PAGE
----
In my primary school we’d occasionally be given the opportunity to write stories. But what I remember about these exercises is that, like most things in life, they came with a catch. The teacher would give you the first line of the story, or the title, and you had to finish it.
To me that always felt like being promised something exciting and then having it snatched away. I remember one that had to be called ‘The Magic Shoes’. I didn’t want to write about magic shoes, I wanted to write about meeting Santa. But I was an obedient kid so I wrote a story about meeting Santa, in the last sentence of which, Santa declared I had been so helpful that he’d give me the gift of a pair of magic shoes.
Alas, my teacher read this work of literary genius and said only, ‘You haven’t talked about the shoes enough.’ I kinda knew that wasn’t the point, but at 8 years old, I hadn’t the vocabulary to tell her to stop crippling my creative spirit, man.
Instead I just went home feeling like my story wasn’t very good.
We all agree that kids are much more creative than adults (if you don’t believe this, go get a cardboard box and try playing with it) so why don’t we trust them to come up with their own writing exercises as well as their own stories? If you want a kid to exercise their muscles you don’t carry them to the park and do the running around for them.
Standing there in front of a group of expectant kids, perhaps we rely on activities because we’re afraid of there being a gap. A silence. A space where they’re doing nothing, wasting time, thinking about the weekend, not paying attention. In secondary school especially, where every minute counts, time-wasting is sacrilege.
But here’s the thing. Creativity happens in the gap. It happens in the background. In the daydreaming, dandering, doodling, absent-minded spaces between things. (‘Wasting’ time is a seriously underrated activity.) And all those ‘Write a story using these ten verbs!’ exercises can be a distraction from a child’s own ideas. We want to give them assistance but actually what we may be doing is giving them restrictions.
Recently in my writing group, I asked one of the girls what she was planning to write today and she said she’d been reading a story and liked it so much she wanted to write her own ending before she read the real one.
Fantastic, I said! Brilliant idea! It’s exactly the same writing exercise I was given in primary school but the difference is she came up with it herself because she’d found something that sparked her imagination. If I’d suggested this exercise to her with a story opening that I’d chosen, she’d have been like,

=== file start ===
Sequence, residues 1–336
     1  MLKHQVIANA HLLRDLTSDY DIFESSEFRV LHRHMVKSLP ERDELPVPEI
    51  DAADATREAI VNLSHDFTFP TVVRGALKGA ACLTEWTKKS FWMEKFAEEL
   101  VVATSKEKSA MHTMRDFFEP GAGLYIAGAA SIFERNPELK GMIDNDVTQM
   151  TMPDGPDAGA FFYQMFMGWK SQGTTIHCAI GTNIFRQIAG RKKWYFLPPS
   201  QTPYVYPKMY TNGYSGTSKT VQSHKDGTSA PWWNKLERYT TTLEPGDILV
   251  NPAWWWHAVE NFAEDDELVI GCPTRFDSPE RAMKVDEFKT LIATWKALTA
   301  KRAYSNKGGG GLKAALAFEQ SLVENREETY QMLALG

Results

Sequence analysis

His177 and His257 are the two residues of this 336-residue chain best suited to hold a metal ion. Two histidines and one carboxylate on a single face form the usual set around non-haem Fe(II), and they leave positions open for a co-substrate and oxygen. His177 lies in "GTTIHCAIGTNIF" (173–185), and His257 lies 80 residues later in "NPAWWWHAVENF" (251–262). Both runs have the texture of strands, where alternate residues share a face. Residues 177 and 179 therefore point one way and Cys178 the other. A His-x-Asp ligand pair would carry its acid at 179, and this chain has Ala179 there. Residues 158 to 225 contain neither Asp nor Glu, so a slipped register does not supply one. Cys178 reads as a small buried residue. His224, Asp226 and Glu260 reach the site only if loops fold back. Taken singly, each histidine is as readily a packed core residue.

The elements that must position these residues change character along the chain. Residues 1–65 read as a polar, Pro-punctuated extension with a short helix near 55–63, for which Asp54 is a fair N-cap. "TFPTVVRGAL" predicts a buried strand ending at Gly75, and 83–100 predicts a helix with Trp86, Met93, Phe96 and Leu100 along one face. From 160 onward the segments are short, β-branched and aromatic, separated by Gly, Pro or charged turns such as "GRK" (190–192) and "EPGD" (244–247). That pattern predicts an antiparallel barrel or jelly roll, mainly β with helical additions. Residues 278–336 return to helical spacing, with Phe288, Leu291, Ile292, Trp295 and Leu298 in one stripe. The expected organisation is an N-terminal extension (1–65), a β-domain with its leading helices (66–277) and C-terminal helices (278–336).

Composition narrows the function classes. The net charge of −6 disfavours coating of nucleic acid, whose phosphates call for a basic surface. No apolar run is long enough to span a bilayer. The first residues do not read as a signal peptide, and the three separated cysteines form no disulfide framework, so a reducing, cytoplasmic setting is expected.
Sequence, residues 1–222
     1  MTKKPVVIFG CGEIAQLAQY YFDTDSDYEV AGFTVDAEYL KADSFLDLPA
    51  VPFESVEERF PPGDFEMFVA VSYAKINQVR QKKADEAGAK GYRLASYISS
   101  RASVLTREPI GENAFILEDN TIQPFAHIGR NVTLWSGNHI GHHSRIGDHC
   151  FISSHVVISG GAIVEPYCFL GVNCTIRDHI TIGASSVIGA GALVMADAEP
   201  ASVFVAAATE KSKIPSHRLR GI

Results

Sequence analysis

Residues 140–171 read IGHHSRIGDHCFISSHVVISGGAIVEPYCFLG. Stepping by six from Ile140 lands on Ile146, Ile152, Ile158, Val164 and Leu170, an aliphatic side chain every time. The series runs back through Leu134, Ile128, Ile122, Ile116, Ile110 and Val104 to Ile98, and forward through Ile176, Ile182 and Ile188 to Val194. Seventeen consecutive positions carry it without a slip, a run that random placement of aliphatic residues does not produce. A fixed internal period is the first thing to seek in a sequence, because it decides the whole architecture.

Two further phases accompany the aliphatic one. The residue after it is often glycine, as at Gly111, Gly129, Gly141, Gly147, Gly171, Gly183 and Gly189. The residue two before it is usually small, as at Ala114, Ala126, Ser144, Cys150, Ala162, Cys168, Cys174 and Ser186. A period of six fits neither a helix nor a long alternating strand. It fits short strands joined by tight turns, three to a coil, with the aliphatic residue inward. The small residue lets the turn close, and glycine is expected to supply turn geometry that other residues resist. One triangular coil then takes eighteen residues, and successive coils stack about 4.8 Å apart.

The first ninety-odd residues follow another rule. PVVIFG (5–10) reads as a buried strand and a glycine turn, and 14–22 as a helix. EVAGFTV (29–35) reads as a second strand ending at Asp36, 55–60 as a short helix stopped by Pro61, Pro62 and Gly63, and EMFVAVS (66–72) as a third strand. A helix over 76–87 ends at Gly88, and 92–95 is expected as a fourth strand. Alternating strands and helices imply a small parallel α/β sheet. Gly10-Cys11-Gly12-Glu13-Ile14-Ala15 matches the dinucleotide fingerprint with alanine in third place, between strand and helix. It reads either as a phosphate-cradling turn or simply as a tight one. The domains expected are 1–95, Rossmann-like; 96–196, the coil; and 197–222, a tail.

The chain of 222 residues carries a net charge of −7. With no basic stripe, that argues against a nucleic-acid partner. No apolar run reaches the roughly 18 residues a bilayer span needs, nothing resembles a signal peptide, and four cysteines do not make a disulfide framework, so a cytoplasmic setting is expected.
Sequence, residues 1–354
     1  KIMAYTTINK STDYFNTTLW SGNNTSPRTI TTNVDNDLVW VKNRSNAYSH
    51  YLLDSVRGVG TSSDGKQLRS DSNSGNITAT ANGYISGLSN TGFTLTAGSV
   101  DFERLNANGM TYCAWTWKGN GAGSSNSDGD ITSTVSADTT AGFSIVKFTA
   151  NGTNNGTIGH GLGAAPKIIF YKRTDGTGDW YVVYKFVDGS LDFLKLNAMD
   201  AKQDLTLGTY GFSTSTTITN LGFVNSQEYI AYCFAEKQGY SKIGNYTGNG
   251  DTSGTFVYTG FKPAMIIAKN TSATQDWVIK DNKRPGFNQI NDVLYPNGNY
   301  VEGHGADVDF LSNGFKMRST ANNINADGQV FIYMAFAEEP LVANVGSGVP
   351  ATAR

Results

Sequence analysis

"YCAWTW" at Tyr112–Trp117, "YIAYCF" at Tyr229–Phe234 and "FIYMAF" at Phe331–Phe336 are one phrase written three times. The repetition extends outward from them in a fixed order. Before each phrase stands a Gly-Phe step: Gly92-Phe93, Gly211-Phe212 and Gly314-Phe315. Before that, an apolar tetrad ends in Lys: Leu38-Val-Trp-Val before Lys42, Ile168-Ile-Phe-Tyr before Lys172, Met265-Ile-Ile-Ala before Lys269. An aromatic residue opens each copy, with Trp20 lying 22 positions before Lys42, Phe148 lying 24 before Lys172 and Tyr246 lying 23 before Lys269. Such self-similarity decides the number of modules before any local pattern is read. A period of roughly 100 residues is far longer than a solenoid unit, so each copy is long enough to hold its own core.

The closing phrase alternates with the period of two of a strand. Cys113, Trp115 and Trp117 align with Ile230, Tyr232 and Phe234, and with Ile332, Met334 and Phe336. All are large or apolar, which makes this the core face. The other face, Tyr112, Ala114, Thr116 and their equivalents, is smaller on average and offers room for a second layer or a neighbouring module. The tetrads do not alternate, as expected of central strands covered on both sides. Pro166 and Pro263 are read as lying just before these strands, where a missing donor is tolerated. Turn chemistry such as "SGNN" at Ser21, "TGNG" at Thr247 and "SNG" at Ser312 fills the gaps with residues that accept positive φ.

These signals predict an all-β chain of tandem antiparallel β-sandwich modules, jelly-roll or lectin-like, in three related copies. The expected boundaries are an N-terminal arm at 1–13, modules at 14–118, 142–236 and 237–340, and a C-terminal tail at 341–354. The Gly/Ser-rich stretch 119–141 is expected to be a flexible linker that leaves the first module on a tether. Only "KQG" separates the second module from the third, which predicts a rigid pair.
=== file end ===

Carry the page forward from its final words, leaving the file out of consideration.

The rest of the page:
So Rule Number One at our club is always ‘write whatever you like’. But having said that, there is also a place for writing exercises and prompts. I am not at all against writing prompts, they can produce amazing things. My whole novel came from a prompt in fact.
Something about this picture in my Redstone Diary grabbed me and I wrote a tiny story on the back of a postcard about a high-wire walker. She later became Alouette Franconi, matriarch of the Flying Franconis circus family in Flying Tips and she pretty much changed my life. Writing prompts can be brilliant.
They’re also practical. Because there are times when a young writer is just too tired to think. And there are kids with an inner critic so loud they have no faith yet in their own ideas. So prompts can be helpful and I do make them available, but I make it clear that they’re optional and don’t have to be taken literally, they’re just jumping off points. I’ve noticed that the more their confidence develops, the less they use the prompts, but it’s helpful to have some available, so I’ve put together some for you.
I mostly found these by trawling the internet. There are many places to get prompts online but there’s probably one good exercise for every fifty rubbish ones, so it’s time consuming. I’ve collated 36 good ones I’ve found, but there are also links to places you can get more if you want. (See below)
At our group, I put each prompt in a tiny envelope in a biscuit tin. Et voila: The Little Box of Inspiration.
I leave it on the table and if a writer wants a prompt they can grab one. They don’t have to use the prompt if they don’t like it, but they should take five minutes to think about it before giving up, because sometimes they’re surprised with what they come up with. They also write their names on the envelopes they’ve opened, so they know they’ve had that one.
For a group activity, you can also provide empty envelopes and slips of paper and get them to write their own prompts to add to the box. This gets them thinking about things they’d like to write about and the kind of prompts that work for them, it gives them a sense of ownership of the group, and they love hearing what another writer comes up with when they use their prompt.
I hope this is a useful backup but I honestly think you’ll find lots of kids prefer to come up with their own ideas and if that’s the case, sit back and let them.
And if your group is happy to share, do send me some of their work! I’d love to read it and feature it on the blog, with their permission.
Link to Download: The Blank Page Little Box of Inspiration
Links to prompt websites:
https://writeshop.com/creative-writing-prompts-teens/ – this is a massive site with writing exercises for kids of all ages.
https://www.cambridge.org/elt/blog/2017/09/26/get-teens-writing-creatively-1-top-tips/ – this one includes stories written by teens that might inspire your writers.
https://www.journalbuddies.com/journal_prompts__journal_topics/creative-writing-prompts-for-tweens/ – 55 prompts for tweens and teens
https://www.journalbuddies.com/creative-writing-2/teen-prompts/ – 31 prompts for teens